Graphite vs. Steel vs. Steelfiber Shaft
In this test we compare three fundamentally different shafts, but all of them are suitable for this player. These are an extremely light and soft steel shaft, a mixture of steel and carbon and a classic carbon shaft. The three shafts are Nippon Zelos 7 as steel, Steelfiber i70 as hybrid version and Fujikura Pro 75 as graphite shaft. All three shafts are very similar or almost identical in terms of stiffness.
We build clubs with all three shafts for players in this category and it depends on the individual preferences. Steelfiber, for example, is a shaft that is naturally very innovative and has caused quite a sensation. It combines the advantages of graphite and does not look like a typical graphite shaft. However, it is not that Steelfiber solves all problems and also with this shaft you have to make compromises as we will see in a moment.
What do the numbers say?
The numbers can be seen in the following graphs. There are significant differences, especially in launch and spin. The Steelfiber shaft started much flatter with 19° than the Zelos and Pro shafts with 19.8°. The spin was lowest with the Steelfiber shaft with 5939rpm and highest with the Zelos 7.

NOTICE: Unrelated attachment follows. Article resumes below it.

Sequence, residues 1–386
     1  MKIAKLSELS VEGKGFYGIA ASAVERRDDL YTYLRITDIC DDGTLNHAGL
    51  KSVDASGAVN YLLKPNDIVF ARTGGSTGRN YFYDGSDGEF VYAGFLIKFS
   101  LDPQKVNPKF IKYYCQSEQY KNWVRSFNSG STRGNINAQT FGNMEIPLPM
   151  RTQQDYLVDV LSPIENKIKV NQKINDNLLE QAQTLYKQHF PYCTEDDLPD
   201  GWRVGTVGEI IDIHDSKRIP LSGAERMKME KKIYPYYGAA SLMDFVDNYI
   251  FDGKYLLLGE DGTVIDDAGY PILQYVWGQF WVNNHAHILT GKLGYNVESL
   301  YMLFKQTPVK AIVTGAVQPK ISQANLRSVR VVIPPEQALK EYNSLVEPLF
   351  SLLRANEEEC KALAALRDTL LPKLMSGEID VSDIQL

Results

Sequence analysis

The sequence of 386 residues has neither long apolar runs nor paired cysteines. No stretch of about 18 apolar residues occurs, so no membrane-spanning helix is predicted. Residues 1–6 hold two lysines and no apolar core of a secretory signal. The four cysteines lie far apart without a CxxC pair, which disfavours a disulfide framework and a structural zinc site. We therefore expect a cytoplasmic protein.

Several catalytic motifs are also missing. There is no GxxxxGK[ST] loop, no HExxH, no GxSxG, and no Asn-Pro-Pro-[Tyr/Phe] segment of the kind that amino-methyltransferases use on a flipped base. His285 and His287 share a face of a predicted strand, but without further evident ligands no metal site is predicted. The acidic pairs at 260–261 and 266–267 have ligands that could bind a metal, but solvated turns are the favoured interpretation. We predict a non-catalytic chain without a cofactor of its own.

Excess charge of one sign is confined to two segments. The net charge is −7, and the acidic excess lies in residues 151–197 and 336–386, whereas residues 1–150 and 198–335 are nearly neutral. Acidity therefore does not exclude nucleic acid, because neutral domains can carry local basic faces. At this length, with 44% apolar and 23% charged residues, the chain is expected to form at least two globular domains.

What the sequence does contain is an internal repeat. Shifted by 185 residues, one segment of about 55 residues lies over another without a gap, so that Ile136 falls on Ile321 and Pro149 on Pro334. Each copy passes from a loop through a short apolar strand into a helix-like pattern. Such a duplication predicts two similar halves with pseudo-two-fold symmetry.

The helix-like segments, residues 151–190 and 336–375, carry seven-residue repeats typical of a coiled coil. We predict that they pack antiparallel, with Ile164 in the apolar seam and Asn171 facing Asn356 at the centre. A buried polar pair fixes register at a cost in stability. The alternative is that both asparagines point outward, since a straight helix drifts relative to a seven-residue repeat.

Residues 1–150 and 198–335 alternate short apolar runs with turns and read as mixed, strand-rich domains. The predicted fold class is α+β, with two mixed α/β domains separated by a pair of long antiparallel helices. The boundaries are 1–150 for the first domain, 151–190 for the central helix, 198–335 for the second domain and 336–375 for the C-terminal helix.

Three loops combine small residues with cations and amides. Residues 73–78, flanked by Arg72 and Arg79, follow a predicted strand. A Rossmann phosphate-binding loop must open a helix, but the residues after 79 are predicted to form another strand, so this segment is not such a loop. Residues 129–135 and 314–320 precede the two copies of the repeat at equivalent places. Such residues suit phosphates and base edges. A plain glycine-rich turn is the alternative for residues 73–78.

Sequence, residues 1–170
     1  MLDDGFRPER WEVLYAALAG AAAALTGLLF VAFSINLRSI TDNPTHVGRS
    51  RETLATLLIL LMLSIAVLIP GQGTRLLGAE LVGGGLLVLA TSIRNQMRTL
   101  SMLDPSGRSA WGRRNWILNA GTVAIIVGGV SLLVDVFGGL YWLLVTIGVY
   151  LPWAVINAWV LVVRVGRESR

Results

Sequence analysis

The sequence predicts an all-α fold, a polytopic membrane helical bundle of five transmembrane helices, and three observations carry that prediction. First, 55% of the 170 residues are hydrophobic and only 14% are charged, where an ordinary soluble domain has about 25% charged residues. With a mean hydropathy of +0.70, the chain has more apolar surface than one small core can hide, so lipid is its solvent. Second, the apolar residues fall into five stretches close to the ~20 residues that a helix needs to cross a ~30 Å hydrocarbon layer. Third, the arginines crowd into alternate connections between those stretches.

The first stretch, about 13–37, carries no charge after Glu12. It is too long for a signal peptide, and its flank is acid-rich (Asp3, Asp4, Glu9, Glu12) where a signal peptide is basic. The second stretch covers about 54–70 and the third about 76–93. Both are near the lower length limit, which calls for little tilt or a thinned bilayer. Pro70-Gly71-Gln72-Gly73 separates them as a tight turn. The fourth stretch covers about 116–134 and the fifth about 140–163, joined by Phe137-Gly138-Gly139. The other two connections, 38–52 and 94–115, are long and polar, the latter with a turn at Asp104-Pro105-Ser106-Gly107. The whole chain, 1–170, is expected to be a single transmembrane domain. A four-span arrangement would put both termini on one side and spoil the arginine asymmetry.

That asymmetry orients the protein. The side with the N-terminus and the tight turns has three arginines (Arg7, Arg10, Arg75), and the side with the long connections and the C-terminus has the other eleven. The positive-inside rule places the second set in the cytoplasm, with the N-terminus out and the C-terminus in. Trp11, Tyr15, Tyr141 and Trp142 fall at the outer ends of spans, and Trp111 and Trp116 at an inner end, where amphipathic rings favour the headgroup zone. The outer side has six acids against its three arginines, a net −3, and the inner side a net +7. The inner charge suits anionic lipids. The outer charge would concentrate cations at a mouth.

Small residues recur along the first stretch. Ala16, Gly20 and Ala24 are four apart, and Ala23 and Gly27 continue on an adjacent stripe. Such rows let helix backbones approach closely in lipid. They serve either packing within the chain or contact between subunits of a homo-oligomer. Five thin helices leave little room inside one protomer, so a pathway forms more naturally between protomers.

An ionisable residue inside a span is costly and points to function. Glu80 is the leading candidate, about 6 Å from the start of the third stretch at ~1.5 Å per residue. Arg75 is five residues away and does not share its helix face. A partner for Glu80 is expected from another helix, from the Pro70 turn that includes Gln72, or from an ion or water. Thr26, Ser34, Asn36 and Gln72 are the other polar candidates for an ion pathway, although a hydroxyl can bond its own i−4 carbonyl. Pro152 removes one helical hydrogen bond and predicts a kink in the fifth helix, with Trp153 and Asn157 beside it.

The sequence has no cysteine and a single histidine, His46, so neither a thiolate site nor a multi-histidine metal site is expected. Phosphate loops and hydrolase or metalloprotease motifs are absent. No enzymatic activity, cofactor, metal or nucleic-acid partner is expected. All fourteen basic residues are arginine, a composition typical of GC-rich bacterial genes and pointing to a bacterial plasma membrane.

What is also clear from these numbers: The player managed to accelerate the graphite shaft best, therefore the club head speed is 0.5mph higher and the ball speed is highest.
It is also very important to look at the carry and total length. The Steelfiber shaft showed the longest roll with 8m. Zelos only 5m and the Pro shaft 6m. This is a combination of trajectory and spin and shows one thing: The Steelfiber shaft flies too flat in this case and generates too little spin to be well controllable on the green.
What do we conclude from this comparison?
If you look at the dispersion above you will notice that it was lowest with the Zelos steel shaft. With the other two shafts there are hardly any differences to be seen. The steelfiber fluctuated even more in the length control which is due to the reasons mentioned above.
The advantages of a (well fitted) steel shaft are therefore
- maximum precision
- high spin
- maximum control on the green
- stronger feedback of the strike
The advantages of a graphite shaft, on the other hand:
- better acceleration of the club
- Vibration damping
For this player we would clearly recommend Zelos 7. The advantages outweigh the disadvantages in this case. The steelfiber shaft does not perform very well in this test, but that does not speak against this shaft. It is just that it could not convince this player with his values. But what we can say at this point: The Steelfiber technology is unfortunately not a miracle cure. It is not as if the advantages of both components are simply combined and the disadvantages are eliminated. Steelfiber is however always an option in a fitting. What is somewhat overlooked with all the technological progress is how well high quality and lightweight steel shafts like the Zelos 7 actually perform. Steel shafts have the wrong reputation of being hard and heavy. This is because most players have only had inferior and heavy steel shafts in their hands. And this is no wonder when you look at the range of shafts available from the major manufacturers. There are more and more 110g steel shafts where even the R-Flex is very stiff.